The 10th International Shibori Symposium (10iss) in Oaxaca in November was spread over several venues. Most were in the centre of town, but the Centro de las Artes de San Agustin (CASA), about 45 minutes’ drive from the centre, was the location for many of the workshops and exhibitions.
This post will feature the exhibitions in and around CASA – be warned that there are lots of photos!
CASA is a former cotton mill that was converted into a stunning arts centre by local artist Francisco Toledo in 2000. Its hilltop location gives amazing views, and it has two exhibition halls and smaller rooms for running workshops.
There are also some interesting sculptural plants!
Indigo Earth: Shibori Kimono, Past and Present
This exhibition, curated by Yoshiko Nakamura and Consortium Arimatsu Narumi, featured a selection of historical and modern Japanese indigo-dyed kimono from Arimatsu and Narumi in Japan.
Optica and Haptica
This exhibition showcased 12 pieces of clothing designed by Mexican designer Carla Fernandez, highlighting connections between the Mexican and Japanese traditions of ikat (known as jaspe in Mexican and kasuri in Japan).
The contemporary garments were wonderful, combining Japanese silhouettes and designs with traditional Mexican rebozo patterns.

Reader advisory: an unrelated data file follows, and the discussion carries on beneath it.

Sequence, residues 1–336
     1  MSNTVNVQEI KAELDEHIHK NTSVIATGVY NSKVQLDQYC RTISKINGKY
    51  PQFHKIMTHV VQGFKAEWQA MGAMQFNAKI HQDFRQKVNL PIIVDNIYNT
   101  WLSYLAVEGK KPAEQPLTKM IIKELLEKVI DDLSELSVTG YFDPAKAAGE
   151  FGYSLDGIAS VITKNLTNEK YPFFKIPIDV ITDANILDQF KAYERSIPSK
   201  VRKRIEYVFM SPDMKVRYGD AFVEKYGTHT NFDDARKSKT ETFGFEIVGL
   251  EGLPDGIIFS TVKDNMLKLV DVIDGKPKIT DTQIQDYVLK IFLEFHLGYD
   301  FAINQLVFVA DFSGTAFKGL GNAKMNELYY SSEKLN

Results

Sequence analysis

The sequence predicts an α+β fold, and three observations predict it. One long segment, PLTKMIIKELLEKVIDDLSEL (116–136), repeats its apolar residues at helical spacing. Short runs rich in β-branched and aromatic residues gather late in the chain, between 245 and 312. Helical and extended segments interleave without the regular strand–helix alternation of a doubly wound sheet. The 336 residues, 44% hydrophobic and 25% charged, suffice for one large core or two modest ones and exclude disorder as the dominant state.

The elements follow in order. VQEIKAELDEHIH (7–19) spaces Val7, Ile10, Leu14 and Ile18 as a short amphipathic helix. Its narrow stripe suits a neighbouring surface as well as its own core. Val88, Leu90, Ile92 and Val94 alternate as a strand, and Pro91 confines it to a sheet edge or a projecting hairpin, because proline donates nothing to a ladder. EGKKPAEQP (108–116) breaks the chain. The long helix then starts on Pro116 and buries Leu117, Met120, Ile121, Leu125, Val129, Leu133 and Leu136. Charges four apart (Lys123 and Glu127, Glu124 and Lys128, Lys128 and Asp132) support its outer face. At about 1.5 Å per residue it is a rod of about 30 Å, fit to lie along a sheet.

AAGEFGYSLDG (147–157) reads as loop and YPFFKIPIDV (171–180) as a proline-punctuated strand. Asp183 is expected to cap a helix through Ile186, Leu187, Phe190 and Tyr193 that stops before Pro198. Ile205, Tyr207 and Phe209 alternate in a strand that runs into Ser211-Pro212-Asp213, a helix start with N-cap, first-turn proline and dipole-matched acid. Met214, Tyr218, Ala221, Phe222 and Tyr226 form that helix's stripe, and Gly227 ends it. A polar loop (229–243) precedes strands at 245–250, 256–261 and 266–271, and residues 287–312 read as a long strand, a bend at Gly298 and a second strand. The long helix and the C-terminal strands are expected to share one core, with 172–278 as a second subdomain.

Contemporary Art of Shibori and Ikat
The main exhibition hall at CASA was given over to a wide range of contemporary shibori artworks and wearables, curated by Yoshiko Wada and Trine Ellitsgaard.
And here I must apologise profusely to artists whose work I photographed but whose names I failed to record. I did photograph the name labels but because of the low lighting many of them came out blurred and unreadable. I have credited artists whose names are legible or whom I remembered, but if your work is featured without a credit, do let me know and I will remedy it as soon as possible!
A short walk downhill from CASA is the papermaking cooperative Arte Papel Vista Hermosa, also founded by Francisco Toledo. Its members use bark, plants, flowers, cotton, hemp, silk, linen and pieces of shiny mica in their products. As well as seeing the artisans at work, visitors can have a go at making paper themselves.
For this exhibition they worked with artist Kiff Slemmons to produce some stunningly intricate paper jewellery. And yes – I did end up buying a piece! 🙂